|image courtesy of Jazz Hostels|
Most cities are known for tall buildings and flashy ads on busy streets; there's almost limitless opportunity to utilize creative advertisement space. For businesses looking for customers, that can be extremely appealing. But that all comes with a price tag - a big one, at that. Furthermore, the big investment for traditional advertising and marketing may not even be yielding a positive ROI.
Grabbing Attention vs. Holding Attention
Walking through the street s of NYC, you'll see tons of glitzy ads and gaudy billboards; it's true, celebrity endorsements, crude humor and sex appeal can definitely grab a consumer's attention. It can capture attention, but can it hold it? The truth is, people walking through the streets of a city or flipping through the magazine will see these advertisements, but will they yield consumer conversions? Probably not. Why? Because who says they are in the market for an advertisement's specific services or products?
Seth Godin, author of Permission Marketing, refers to these advertisements as "interruption advertising" because they do just that: they interrupt the consumer.
Let's say you work for Volvo. A person sitting on the couch watching The View is probably not in the market for a fuel efficient car. Paying millions of dollars for countless commercials will undoubtedly help Volvo gain brand recognition, but is it successfully targeting those consumers who are in the market and likely to make a purchasing conversion as a result of seeing the ad? Again, probably not.
Reverse Marketing: Strategic Search Engine Marketing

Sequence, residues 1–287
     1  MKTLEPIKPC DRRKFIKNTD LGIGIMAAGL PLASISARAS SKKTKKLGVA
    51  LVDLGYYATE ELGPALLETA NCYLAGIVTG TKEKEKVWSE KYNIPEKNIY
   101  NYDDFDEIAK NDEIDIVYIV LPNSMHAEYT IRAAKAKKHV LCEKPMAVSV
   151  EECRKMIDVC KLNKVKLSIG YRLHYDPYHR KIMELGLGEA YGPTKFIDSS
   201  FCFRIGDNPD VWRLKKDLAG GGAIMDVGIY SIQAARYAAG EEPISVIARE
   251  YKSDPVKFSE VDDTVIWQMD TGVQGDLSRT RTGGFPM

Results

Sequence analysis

So where am I going with this? Ironically, towards reverse marketing. Don't let the term fool you; it is the future of strategic marketing. Reverse marketing is search marketing.
Experts call it reverse marketing because the consumers are seeking out the services or products whereas in traditional marketing efforts, the brands initiate the first contact point in the consumer-brand relationship. Search marketing - evaluating and investigating how and what searchers are searching - allows for some unbelievably valuable insight.
Let's return to the Volvo example for a moment. If a consumer is searching "fuel efficient car with top family safety features", you know exactly what consumers want. Analyzing search term data helps companies to predict industry trends. That specific search would tell a marketer that fuel efficiency is a top priority with consumers in the market for a new car. However, they want fuel efficiency without compromising safety features and family-friendly space. Marketers and even product developers can then use this information to meet these consumer needs.
Prior to reverse marketing, companies would need to conduct extensive surveys and market search to understand market, competitor and consumer trends. Now, with Google Analytics or any other traffic analysis tool, marketers and business owners have real-time data and insight at their finger tips.
Reverse marketing is a far more strategic that meets consumers at the critical moment: when they are searching for the specific product or service that you provide. At this moment, they are pursuing more information via search engines before making a purchase; meeting them at this moment is more valuable than meeting distracted consumers making dinner with a commercial on in the background. Strategic search engine marketing also requires a relatively low budget, making it a good marketing strategy for small businesses.